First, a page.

choose filtered tap water
Here are the facts:
- The U.S. is the largest consumer of bottled water.
- An estimated 2.5 million plastic water bottles are thrown away every hour in the U.S.
- Although sometimes purified, bottled water can be contaminated with bacteria, plasticizers, heavy metals, or organic chemicals like benzene.
- Manufacturing and transporting bottles uses millions of barrels of oil, large amounts of electricity, and produces toxic exhausts and greenhouse gases.
- In the U.S., less than 20% of plastic bottles are recycled.
Use a stainless steel container (or a glass mug) and fill it with filtered tap water.
The Truth About Bottled Water
- Bottled water regulations are often less strict than laws applying to municipal water supplies.
- Despite its clean image, some bottled water is nothing more than repackaged tap water.
- Making plastic bottles uses toxic chemicals and leaves a heavy carbon footprint.
- Plastic ends up in the oceans, landfills, and in the stomachs of wildlife.
- Some polycarbonate bottles can leach Bisphenol-A (BPA), an estrogen-like compound linked to birth defects, into drinking water.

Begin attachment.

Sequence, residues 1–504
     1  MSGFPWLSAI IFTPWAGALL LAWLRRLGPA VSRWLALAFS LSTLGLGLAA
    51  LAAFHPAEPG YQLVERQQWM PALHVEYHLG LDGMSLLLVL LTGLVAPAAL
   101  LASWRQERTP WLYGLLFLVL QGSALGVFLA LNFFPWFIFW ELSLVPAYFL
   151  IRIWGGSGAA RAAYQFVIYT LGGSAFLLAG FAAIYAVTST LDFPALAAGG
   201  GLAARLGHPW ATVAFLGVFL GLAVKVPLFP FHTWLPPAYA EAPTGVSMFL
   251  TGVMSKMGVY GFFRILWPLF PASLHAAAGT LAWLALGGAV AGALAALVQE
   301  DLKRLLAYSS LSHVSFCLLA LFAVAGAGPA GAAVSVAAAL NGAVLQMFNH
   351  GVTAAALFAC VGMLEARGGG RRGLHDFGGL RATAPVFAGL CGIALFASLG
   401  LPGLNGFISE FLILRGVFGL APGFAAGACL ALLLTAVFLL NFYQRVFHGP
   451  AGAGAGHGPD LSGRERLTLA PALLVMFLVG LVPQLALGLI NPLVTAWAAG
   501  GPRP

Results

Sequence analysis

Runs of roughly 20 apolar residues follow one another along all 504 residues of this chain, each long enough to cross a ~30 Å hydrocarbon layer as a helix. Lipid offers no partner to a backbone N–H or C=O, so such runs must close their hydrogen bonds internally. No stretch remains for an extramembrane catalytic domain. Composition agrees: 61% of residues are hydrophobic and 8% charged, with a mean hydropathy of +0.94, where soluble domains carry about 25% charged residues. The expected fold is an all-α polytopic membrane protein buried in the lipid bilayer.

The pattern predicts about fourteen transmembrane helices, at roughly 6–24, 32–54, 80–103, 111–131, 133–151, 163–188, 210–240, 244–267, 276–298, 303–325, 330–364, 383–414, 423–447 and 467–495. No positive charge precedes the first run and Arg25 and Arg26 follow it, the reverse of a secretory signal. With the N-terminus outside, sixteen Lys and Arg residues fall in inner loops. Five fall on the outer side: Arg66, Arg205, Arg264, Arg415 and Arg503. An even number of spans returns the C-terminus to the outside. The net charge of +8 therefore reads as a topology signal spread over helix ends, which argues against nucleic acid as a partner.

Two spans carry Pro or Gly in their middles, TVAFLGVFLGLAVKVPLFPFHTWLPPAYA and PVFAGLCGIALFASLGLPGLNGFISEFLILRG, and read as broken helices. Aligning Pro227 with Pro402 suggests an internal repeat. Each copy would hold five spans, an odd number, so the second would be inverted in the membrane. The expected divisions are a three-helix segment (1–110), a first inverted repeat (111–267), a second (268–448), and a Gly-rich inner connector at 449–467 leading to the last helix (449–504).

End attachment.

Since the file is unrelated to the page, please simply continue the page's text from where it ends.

- Many flavored, sports, and vitamin waters contain sweeteners and stimulants like caffeine that can add unnecessary calories and raise blood pressure.
- Tap water is drawn, purified, and pumped locally at a fraction of the energy and resource cost.
- Choose a 3-stage filter for your kitchen faucet.
- Carry a reusable water bottle made of ultra- lightweight stainless steel and fill it with filtered water.
Get More Information:
Bottled Water: Pure Drink or Pure Hype
Natural Resources Defense Council petition to the FDA on the results of a four-year study of the bottled water industry, including its bacterial and chemical contamination problems. The petition and report find major gaps in bottled water regulation and conclude that bottled water is not necessarily safer than tap water.
Opinion of the Scientific Panel on Food Additives, Flavourings, Processing Aids and Materials in Contact with Food on a request from the Commission related to 2,2-BIS(4-HYDROXYPHENYL)PROPAN (Bisphenol A)
The Scientific Panel on Food Additives, Flavourings, Processing Aids and Materials in Contact with Food , evaluation of the use of bisphenol A (BPA) in plastic materials and articles intended to come into contact with food, giving particular attention to the exposure of infants.
Environment, Health and Safety Online: Drinking Water Information
Parallels the Natural Resources Defense Council report and incorporates newer information on consumption of bottled water.
Contact the Center for Environmental Oncology at the University of Pittsburgh Cancer Institute for updated information and evidence-based resources at http://www.environmentaloncology.org.